The above code is simple enough. I have created holders for the basic Three.js components: the camera, the scene, and the renderer. Then I make a call to the init() function.

Let’s begin setting the scene. Inside the init() function I create a scene object.

scene = new THREE.Scene();

Next I’m going to create a camera object. As I said before, the camera is what is used to set the dimensions of the stage.

camera = new THREE.PerspectiveCamera( 70, window.innerWidth / window.innerHeight, 1, 1000);

The above line of code creates a camera with a perspective projection. The four arguments are as follows:

1. The camera frustum vertical field of view
2. The camera frustum aspect ratio.
3. The camera frustum near plane.
4. The camera frustum far plane.

Next I’m going to create a light and add it to the scene.

var light = new THREE.DirectionalLight( 0xffffff );
light.position.set( 0, 1, 1 ).normalize();
scene.add(light);

The first line creates a directional light that gives off a white light. The second line tells Three.js at what angle the light will shine by giving it an x, y, and z coordinate. Finally, I add the light to the scene.

If you were to run the application right now you would see nothing, as I haven’t added any objects to the scene. Let’s go ahead and add an object to the scene.

Every object that is rendered in Three.js is called a Mesh. A mesh consists of two main components. The first component of a mesh is the geometry. A geometry is the shape we want to draw on the screen. It consists of vertices and faces. Three.js comes with some basic geometries so l am going to start with one of those. I’m going to use a cube. The cube will have a width, height, and depth of 10.

var geometry = new THREE.CubeGeometry(10, 10, 10);

The next component of a mesh is a material. A material is used to describe the appearance of objects. It is used to describe things like the color, shading, transparency, and shininess of the objects. Again, Three.js comes with a set of pre-built materials, so I’ll use one of those.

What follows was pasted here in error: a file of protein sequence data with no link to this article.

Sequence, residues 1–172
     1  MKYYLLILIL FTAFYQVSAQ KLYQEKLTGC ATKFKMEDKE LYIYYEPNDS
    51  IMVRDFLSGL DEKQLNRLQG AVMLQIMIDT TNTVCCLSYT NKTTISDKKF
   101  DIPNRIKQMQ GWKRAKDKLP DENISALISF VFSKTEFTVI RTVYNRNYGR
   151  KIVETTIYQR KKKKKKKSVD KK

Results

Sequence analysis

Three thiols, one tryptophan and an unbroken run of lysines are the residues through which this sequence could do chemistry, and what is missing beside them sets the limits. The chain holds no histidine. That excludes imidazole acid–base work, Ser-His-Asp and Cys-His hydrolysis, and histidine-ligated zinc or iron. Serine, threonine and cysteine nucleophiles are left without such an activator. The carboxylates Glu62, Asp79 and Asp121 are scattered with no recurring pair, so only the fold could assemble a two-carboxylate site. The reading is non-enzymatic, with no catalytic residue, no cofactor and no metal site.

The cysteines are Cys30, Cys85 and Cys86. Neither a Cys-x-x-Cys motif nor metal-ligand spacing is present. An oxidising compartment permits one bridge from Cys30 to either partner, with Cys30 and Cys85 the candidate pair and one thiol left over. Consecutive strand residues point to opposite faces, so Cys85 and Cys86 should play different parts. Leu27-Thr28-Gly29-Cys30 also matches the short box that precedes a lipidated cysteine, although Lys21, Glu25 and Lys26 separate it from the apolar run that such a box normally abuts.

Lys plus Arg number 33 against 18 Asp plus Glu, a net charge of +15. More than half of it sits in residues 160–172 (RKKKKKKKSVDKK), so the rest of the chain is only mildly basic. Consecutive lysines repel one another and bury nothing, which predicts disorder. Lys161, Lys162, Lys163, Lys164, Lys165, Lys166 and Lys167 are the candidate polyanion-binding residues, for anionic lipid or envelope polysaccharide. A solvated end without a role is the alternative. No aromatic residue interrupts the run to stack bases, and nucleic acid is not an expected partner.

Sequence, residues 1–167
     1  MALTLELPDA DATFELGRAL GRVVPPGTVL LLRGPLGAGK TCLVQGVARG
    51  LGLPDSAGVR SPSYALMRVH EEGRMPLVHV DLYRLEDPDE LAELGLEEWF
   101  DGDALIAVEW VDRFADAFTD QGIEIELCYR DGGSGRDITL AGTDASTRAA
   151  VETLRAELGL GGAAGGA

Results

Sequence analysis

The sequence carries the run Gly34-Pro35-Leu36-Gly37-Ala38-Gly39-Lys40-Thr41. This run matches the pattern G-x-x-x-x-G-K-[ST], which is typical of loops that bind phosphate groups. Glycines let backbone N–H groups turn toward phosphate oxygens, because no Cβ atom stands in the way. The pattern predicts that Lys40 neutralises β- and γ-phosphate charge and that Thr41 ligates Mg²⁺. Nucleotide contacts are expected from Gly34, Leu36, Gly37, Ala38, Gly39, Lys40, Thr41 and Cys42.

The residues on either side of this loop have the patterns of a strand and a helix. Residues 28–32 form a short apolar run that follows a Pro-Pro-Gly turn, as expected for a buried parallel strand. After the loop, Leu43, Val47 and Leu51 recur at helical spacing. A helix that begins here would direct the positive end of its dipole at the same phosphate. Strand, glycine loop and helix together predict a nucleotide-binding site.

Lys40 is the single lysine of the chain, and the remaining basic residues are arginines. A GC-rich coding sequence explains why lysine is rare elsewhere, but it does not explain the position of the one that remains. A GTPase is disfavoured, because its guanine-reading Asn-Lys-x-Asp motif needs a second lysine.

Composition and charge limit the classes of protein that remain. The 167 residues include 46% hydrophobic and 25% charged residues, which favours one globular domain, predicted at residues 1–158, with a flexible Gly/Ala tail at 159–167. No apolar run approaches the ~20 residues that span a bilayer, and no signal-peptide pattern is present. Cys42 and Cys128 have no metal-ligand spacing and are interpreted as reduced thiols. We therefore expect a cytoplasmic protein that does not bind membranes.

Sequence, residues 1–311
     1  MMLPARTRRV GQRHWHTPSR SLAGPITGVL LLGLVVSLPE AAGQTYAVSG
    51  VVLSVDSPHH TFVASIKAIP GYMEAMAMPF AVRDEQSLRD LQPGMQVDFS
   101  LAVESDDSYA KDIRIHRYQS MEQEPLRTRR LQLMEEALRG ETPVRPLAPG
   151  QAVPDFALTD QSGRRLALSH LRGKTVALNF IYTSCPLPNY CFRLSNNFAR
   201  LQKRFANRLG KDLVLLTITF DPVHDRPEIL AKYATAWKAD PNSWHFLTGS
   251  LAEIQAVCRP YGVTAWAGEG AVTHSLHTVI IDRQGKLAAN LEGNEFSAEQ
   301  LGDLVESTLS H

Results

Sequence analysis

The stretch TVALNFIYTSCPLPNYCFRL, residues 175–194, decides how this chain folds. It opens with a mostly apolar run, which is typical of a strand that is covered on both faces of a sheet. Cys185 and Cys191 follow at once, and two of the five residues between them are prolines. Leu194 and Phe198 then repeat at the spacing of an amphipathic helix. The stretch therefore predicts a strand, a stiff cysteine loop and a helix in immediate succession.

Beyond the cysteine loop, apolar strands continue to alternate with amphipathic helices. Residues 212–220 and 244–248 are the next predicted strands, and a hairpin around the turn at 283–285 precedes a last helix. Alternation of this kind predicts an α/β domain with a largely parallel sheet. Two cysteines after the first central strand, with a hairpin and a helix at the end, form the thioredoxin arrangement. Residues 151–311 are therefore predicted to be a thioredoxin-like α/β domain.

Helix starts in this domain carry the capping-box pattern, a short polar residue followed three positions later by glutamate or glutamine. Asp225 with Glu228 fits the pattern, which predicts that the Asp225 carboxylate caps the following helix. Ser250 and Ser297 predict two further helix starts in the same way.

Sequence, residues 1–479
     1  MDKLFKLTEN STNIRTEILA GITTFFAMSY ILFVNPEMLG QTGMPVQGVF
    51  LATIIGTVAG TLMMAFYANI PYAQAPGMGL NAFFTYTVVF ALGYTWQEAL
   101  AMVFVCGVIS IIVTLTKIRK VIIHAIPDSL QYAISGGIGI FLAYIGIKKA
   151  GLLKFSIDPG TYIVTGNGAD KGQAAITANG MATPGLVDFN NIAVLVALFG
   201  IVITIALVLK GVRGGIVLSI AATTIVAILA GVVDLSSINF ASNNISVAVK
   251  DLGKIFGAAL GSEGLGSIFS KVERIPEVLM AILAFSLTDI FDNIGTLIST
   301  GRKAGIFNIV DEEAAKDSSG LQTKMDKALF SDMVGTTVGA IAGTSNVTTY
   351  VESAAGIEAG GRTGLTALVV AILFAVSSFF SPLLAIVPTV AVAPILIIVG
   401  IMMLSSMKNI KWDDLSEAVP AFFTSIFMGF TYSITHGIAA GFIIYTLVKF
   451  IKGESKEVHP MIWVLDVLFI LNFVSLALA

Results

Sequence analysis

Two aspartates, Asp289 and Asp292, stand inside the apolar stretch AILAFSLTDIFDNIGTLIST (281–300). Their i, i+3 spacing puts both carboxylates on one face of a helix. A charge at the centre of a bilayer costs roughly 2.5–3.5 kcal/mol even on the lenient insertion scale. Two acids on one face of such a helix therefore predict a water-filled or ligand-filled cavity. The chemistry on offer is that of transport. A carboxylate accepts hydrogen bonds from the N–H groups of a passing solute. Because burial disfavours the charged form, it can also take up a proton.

var material = new THREE.MeshPhongMaterial( { ambient: 0x050505, color: 0x0033ff, specular: 0x555555, shininess: 30 } );

Now that I have the two necessary components of a mesh, I can build a mesh and add it to the scene.

var mesh = new THREE.Mesh(geometry, material );
mesh.position.z = -50
scene.add( mesh );

In the first line above I create the mesh with the geometry and material that I previously created. The mesh has a default position of x=0, y=0, and z=0. This is also the default position of the camera, so the second line in the code above moves the mesh a distance of 50 away from the camera.

In Three.js the coordinate system works as follows. Point (0,0,0) is the center of the world. As you look at your screen, positive x values move to the right and negative x values move to the left. Positive y values move up and negative y values move down. Positive z values move toward you and negative z values move away from you.

Finally, the third line adds the mesh to the scene.

You could run the application now, but you will still not see anything on the screen. This is because we need to create a renderer so Three.js knows how to render the scene. Three.js can render the scene in multiple different ways. It can render the scene using SVG, Canvas, or WebGL. We are using WebGL.

Finally I’m going to finish the init() function. Add the following code to the bottom of the init() function:

renderer = new THREE.WebGLRenderer();
renderer.setSize( window.innerWidth, window.innerHeight );